Academic journal article Academy of Educational Leadership Journal

The Other Side of the Coin: Overcoming the Detrimental Effects of Small Classes in Management Education

Academic journal article Academy of Educational Leadership Journal

The Other Side of the Coin: Overcoming the Detrimental Effects of Small Classes in Management Education

Article excerpt


The link between class size and student learning has been a topic of keen interest to educators, politicians, and the general public in recent years. Proponents of smaller classes have argued that learning is enhanced when fewer students are enrolled in a class. While results from empirical studies have been mixed, little attention has been given to the possibility that class sizes can be reduced to the point that effectiveness actually declines (Dommeyer, 1997; Scheck, Kiniki & Webster, 1994; Murdoch & Guy, 2002).

The presumed linear relationship between class size and effectiveness is illustrated in figure 1. In contrast, we propose an inverted-U shaped relationship, acknowledging the general tendency for effectiveness to decline when classes are too large but also proposing that effectiveness declines when classes are too small.

This paper addresses a number of practical considerations supporting the contention that classes that are too small can present as much of a problem as classes that are too large. This paper does not seek to suggest an optimal class size. Indeed, such a number would depend on a number of factors, including but not limited to field of study, level of the course, abilities and personalities of the students, and style of the instructor.

Following an overview of the literature, case studies of three classes with ten or fewer students are presented. Based on these cases, practical recommendations for overcoming problems associated with small class size are presented, followed by an outline of research opportunities.



What exactly constitutes a "small" class is widely debated. Indeed, some studies have considered a small class to have as many as thirty students (Dommeyer, 1997). In this paper, however, a "small class" refers to one with fewer than ten students. In addition, class size is defined as the ratio of students to instructors (Glass & Smith, 1980). Hence, the reference to fewer than ten students assumes that there is only one instructor in the class.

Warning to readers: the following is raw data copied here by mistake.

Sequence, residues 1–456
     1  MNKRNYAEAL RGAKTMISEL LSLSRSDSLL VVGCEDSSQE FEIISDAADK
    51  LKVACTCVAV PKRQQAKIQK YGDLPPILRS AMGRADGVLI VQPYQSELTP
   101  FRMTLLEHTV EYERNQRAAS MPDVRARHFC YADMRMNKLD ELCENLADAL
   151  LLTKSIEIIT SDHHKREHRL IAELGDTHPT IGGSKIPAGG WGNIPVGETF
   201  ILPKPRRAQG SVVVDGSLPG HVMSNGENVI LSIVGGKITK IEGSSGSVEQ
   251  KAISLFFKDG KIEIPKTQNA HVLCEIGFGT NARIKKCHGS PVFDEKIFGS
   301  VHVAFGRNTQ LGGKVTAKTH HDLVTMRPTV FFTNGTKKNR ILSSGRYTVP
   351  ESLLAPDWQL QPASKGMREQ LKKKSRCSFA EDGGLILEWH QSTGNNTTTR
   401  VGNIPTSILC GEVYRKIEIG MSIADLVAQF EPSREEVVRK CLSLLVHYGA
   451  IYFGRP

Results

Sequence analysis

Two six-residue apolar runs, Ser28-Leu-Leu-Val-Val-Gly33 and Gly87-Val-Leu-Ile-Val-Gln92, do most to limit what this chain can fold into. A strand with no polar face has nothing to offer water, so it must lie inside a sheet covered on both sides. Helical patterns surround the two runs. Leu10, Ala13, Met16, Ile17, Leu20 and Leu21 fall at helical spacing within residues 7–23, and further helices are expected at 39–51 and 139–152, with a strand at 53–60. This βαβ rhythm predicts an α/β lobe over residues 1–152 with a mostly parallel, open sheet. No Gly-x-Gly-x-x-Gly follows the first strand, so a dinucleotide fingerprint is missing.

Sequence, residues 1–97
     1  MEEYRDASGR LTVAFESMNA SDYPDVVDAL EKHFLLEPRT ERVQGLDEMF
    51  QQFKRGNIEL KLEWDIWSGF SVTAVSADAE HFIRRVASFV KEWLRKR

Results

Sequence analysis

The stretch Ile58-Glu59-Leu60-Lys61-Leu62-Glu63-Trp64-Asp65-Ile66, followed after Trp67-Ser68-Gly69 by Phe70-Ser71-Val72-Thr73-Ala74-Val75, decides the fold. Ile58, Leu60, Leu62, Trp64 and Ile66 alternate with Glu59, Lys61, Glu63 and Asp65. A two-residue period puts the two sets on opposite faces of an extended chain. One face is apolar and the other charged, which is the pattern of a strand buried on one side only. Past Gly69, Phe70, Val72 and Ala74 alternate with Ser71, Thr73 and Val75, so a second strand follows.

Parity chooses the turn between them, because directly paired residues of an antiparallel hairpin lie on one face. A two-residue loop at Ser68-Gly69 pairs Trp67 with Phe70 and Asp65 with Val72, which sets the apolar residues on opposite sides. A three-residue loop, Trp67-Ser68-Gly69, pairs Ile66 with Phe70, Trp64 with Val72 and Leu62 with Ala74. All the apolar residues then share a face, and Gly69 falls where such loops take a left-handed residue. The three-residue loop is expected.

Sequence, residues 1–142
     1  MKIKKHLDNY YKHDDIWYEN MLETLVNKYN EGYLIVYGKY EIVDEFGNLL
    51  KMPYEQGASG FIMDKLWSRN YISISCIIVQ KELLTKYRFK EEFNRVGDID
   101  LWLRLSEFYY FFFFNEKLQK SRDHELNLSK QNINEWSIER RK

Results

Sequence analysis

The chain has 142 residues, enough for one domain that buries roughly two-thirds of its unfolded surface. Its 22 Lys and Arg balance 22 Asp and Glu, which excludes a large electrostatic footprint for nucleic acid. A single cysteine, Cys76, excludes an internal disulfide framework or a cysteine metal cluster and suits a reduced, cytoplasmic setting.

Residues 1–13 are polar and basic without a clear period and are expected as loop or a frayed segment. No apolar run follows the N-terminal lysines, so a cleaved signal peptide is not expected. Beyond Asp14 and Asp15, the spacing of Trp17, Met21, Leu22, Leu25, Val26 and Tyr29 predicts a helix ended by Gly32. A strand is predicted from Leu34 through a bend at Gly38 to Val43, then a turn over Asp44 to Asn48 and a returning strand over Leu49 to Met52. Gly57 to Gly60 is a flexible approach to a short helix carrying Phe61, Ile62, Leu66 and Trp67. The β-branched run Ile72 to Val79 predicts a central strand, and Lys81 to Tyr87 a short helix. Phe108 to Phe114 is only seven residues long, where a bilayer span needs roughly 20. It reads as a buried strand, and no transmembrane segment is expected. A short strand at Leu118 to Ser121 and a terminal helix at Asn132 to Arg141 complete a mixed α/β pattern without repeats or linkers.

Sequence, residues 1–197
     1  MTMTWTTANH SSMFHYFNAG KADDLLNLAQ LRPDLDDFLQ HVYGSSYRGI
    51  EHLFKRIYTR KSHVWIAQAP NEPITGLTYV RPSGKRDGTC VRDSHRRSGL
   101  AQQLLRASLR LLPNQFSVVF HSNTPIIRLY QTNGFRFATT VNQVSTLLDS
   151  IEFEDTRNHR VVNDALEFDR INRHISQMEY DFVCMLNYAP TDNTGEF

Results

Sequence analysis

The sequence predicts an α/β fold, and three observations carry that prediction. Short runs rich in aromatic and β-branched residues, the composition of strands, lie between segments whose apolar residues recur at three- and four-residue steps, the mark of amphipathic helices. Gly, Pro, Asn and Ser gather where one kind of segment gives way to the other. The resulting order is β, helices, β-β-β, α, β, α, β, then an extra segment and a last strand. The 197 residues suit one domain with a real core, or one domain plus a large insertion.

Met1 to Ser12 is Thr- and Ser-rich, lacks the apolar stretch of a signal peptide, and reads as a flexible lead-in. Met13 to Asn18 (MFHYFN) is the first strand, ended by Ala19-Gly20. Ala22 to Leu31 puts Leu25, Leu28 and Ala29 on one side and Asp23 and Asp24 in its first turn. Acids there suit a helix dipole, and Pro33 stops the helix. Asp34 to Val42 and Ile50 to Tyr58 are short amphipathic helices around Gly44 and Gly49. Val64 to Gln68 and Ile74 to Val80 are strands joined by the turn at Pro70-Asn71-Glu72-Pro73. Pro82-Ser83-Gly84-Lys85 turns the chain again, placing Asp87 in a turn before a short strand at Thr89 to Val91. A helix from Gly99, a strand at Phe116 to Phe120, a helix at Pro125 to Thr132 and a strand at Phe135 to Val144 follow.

There are also different definitions of "teaching effectiveness" and "instructor effectiveness" among studies considering class size effects (Baldwin, 1993; McConnell & Sosin, 1984; Hill, 1998). In this study, we link effectiveness to learning outcomes. In other words, instructional effectiveness increases when student learning increases.

The class size-performance nexus has received considerable attention in the literature over the past half century (McConnell & Sosin, 1984; Shane, 1961, Simmons, 1959). In general, studies examining the effect of class size on performance have pitted "large" classes against those of "moderate" size. Following this stream, a number of studies have demonstrated a negative association between class size and performance (Glass & Smith, 1980). In contrast, other studies found no consequential relationship (Byus, Hampton, & Pratt, 1995; Dommeyer, 1997; Hill, 1998; Laughlin, 1976; Siegel, 1959; Williams, Cook, Quinn, & Jensen, 1985). Differences have also been found across disciplines.

Some studies have also considered the role played by instructor effectiveness in mediating and moderating the relationship. Baldwin (1993), for example, found that any negative effect associated with substantial increases in size could be more than overcome if a highly effective instructor teaches the large class.

Effectiveness aside, research suggests that smaller classes are usually preferred by both instructors and students (Guseman, 1985; McKeachie, 1978; Smith & Glass, 1979). In one study, faculty reported that classes with fewer than thirty students are less stressful, easier to control, and allow for more individualized instruction. Students report that such classes reduce distractions, create less threatening environments, and result in more personal attention from the instructor (Dommeyer, 1997). …

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